Mayo Clinic Q&A: You could get bent out of shape by 'nursemaid's elbow'

Mayo Clinic Q & A column sig
We are part of The Trust Project.

DEAR MAYO CLINIC: I have a 2-year-old daughter who loves to swing in between my husband and me as we walk. But a friend told me that wasn't safe because she could develop nursemaid's elbow. Can you explain the condition?

Sometimes all it takes to cause nursemaid's elbow is a little tug, such as when you're helping toddlers down a step, pulling them back from a dangerous situation or playing by swinging them by their arms or hands. The next thing you know, they're holding their arm close to their side and not wanting to use or bend it due to pain.

The term nursemaid's elbow harks back to the days when a nursemaid or nanny was common. A better name today might be babysitter's elbow. It's also known as radial head subluxation and happens when the annular ligament in the elbow is displaced by being pulled. Because a young child's bones and muscles are still developing, it can take little force to cause nursemaid's elbow.

It's a common injury for children ages 1 to 4, but it typically happens from birth up to 7 years old. The elbow is the joint most often dislocated in children.

Here's how the elbow works. It's made up of the upper arm bone, or humerus, and the two bones in the forearm, the radius and ulna. On the inner and outer sides of the elbow, strong ligaments hold the elbow joint together and work to prevent dislocation.


The elbow has two joints:

  • The humeroulnar, which is positioned between the ulna and humerus, and allows the elbow to bend.
  • The radiocapitellar, which is made up of the radius and part of the humerus. This joint allows for rotation of the forearm so the hand can be turned palm up or palm down. It's this joint that's involved in nursemaid's elbow.

Nursemaid's elbow occurs when the radiocapitellar joint partially separates. Even a mild force on the joint may cause it to shift, or sublux, especially in young children whose ligaments — the strong tissues that attach bones to each other — aren't fully formed.

Diagnosing nursemaid's elbow is made by a physical exam, so it's important to call your child's health care team if you suspect an injury. Be mindful that each child may experience symptoms differently, so your child might not have pain. Instead, your child may refuse to move the arm or appear to have lost the ability to move it.

Typically, X-rays aren't needed, and treatment for nursemaid's elbow can proceed quickly. The health care professional holds the child's wrist or forearm, and turns the hand so that it faces palm up. While putting pressure near the top of the radius bone with his or her thumb, the health care professional will slowly and gently bend the elbow. A faint pop or click may be heard when the joint goes back into place. This treatment rapidly relieves discomfort and restores arm movement. Surgery is seldom required, unless a fracture or dislocation isn't treated quickly.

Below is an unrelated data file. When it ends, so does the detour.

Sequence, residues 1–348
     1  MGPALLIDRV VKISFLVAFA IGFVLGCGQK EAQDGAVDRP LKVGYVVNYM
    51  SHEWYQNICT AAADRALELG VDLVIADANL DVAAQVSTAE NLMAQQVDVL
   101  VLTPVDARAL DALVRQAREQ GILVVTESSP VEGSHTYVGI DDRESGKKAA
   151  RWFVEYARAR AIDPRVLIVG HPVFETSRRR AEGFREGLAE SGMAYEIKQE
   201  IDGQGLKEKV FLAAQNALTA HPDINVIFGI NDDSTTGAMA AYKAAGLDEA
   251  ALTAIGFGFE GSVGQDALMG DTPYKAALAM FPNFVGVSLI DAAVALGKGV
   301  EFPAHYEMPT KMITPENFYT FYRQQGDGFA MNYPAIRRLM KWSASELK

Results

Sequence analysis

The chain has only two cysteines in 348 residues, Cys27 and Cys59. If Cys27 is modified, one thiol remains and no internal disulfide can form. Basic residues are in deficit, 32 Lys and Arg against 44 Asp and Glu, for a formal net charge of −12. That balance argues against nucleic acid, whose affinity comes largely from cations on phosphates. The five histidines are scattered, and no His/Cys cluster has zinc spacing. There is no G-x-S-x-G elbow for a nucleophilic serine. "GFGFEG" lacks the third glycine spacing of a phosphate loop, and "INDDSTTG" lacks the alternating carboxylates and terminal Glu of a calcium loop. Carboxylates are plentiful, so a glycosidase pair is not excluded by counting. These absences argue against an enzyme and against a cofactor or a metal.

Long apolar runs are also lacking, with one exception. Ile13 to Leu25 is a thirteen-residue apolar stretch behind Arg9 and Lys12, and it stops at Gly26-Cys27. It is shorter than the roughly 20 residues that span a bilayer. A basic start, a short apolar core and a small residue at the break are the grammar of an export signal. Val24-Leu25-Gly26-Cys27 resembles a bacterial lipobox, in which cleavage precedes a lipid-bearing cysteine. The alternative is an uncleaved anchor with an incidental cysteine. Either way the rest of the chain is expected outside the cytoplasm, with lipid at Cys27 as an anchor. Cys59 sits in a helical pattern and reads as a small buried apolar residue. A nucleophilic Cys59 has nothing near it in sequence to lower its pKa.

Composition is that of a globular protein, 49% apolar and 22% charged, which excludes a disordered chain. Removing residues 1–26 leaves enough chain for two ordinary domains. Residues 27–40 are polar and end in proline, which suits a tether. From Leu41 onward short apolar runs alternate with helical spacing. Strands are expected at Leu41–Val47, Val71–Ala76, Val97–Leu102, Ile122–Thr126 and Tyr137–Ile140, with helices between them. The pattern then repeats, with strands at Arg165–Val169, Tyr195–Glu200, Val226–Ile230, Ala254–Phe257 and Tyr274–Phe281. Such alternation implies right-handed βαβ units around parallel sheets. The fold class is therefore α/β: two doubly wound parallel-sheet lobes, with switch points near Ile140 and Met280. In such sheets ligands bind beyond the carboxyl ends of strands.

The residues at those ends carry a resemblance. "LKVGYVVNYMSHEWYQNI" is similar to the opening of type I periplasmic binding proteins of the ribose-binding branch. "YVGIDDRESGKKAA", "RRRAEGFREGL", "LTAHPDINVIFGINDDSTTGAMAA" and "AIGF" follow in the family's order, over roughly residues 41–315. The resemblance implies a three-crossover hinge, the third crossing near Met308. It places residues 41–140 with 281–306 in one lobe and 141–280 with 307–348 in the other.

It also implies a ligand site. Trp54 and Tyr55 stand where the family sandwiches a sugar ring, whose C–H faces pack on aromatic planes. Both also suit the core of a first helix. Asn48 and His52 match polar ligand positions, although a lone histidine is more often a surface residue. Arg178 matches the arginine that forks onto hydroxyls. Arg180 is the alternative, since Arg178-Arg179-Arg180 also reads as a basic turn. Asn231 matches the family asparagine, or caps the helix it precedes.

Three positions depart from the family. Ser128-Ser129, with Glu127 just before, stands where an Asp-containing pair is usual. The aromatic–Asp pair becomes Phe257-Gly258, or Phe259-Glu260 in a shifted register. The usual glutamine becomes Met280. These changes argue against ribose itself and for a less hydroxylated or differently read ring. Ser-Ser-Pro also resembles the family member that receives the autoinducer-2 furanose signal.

A fall rarely causes nursemaid's elbow. If a child injures the elbow when falling onto an outstretched hand or directly onto the elbow, it may be a broken bone rather than nursemaid's elbow.

The annular ligament that surrounds the radius may be particularly loose in some young children. So once a child has had nursemaid's elbow, it can happen again. That's why it's important to avoid swinging, tugging or pulling children by the hands or arms. Instead, try grasping and lifting them under their armpits. Sara O'Kelly , Emergency Medicine, Mayo Clinic Health System,  Menomonie, Wisconsin

Mayo Clinic Q&A is an educational resource and doesn’t replace regular medical care. Email a question to MayoClinicQ& For more information, visit .

What to read next
For decades, the drug industry has yelled bloody murder each time Congress considered a regulatory measure that threatened its profits. But the hyperbole reached a new pitch in recent weeks as the Senate moved to adopt modest drug pricing negotiation measures in the Inflation Reduction Act.
Sanford Health’s Program for Addiction Recovery provided Tanner Lene a way to connect to a heritage he’d left largely unexplored, as he began to learn Ojibwe and join classes taught by elders and knowledge keepers on traditional medicines and art.
"Minding Our Elders" columnist Carol Bradley Bursack says distance makes keeping track of your parents' health harder, but barring dementia, they get to choose where they live.
Ticks can survive a Minnesota winter, but their go time is March through October. In this episode of NewsMD's "Health Fusion," Viv Williams goes in-depth with a tick expert who helped discover two pathogens that ticks can carry. And both of them can make you sick.